News from the Homefront

Hard to believe that not only is the Spring Semester completed and the Class of ’12 have “left the building,” ala Elvis, but Tara, Dan, and Kody now are done with their second week of summer research!  Much has gone on in the interim between the now and the time we returned to the ‘States.  The BIG news is that Rose and Billy deKlerk excavated the vertebrate skull she found in January after an initial attempt where they were rained out of the field with mini-floods.  Yes, mini-flooding that laid low lying areas in the Karoo under a few inches of water.  But, another week or so later, they were successful at relocating and excavating a skull that approaches 40 cm in length.

Billy deKlerk jacketing the January SkullOnce returned to the Albany Museum in Grahamstown, the excitement was high because few new skulls have been found or recovered in this area in recent years.  Late in March, the following image appeared in my mailbox:

JanPlan vertebrate skull It’s impressive.  You can see the eye orbitals by the Swiss Army knife for scale, and the snout region in the foreground.  There seem to be two large canines which may be clues to the systematic affinity of the long gone, extinct animal.

John Geissman has been plugging away (no pun intended) with the oriented cores to assess the paleomagnetic properties of this year’s measured sections, and Sandra Kamo continues to process the ash beds for zircons which are not as common as we’d like.  I suspect that our mantra for now is that “it’s not nice to fuss with Mother Nature.”  More later….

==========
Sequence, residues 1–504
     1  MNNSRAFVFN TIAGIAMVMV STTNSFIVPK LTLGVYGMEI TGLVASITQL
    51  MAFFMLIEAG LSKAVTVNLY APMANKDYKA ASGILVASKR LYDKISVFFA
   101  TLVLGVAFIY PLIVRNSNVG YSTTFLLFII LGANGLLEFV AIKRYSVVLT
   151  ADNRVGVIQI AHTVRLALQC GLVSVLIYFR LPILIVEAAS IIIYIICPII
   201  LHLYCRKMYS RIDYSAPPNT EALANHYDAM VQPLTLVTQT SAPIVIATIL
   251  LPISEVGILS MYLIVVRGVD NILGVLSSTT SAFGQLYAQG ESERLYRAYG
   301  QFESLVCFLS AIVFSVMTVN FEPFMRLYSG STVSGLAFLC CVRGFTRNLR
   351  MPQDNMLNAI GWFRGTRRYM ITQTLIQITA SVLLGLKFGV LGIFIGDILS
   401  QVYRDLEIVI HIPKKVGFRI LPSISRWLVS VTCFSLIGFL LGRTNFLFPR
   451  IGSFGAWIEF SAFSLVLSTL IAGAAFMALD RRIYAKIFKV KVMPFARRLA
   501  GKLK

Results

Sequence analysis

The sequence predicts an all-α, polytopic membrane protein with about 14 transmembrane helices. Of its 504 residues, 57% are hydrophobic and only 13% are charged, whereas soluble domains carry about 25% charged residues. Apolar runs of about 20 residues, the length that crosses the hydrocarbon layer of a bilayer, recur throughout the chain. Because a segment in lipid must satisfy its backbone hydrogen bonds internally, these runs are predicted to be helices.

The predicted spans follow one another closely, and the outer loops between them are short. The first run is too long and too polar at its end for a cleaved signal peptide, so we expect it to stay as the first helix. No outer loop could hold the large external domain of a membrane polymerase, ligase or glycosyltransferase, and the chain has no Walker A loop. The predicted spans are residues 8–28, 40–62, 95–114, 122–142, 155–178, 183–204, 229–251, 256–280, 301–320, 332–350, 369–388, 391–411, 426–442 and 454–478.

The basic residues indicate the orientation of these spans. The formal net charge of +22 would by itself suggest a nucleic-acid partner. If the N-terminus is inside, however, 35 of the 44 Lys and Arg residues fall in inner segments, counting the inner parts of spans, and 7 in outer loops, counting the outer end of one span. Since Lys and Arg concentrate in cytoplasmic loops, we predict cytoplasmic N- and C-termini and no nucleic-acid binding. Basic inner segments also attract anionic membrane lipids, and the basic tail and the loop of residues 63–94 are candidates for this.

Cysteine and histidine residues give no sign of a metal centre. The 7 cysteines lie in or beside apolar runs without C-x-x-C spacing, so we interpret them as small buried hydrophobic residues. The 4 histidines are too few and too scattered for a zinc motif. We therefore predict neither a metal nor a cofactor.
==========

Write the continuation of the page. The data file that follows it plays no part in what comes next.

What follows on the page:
About Robert Gastaldo

Professor Gastaldo is Whipple-Coddington Professor of Geology and served as Department Chair from 1999/2000 academic year, upon his initial appointment, until 30 June 2012. He was awarded a Forschungspreis (Research Prize) from the Alexander von Humboldt-Stiftung, Bonn, in 1991, and returned to Germany as a short-term visiting scientist in 2012. He has been awarded two Fulbright Fellowships. The first appointment was at the Laboratory of Palaeobotany and Palynology, Utrecht, The Netherlands; the second is at Rhodes University, Grahamstown, South Africa. He is a Fellow of the Geological Society of America and the Paleontological Society, served as co-Editor of SEPM's journal PALAIOS and on the society's Executive Council, and continues as a reviewer and funding-panel member for various U.S. and international grant agencies. Professor Gastaldo's research focus is in the plant-fossil record and the response(s) of terrestrial ecosystems to perturbation, and engages undergraduate students early in their careers in original research endeavors. His wife, Elvira, is one of the Colby Quilt Club advisers, and she assists departments across campus with temporary, short-term assignments. Together, they have 3 grown sons who have pursued their own career paths outside of academia.
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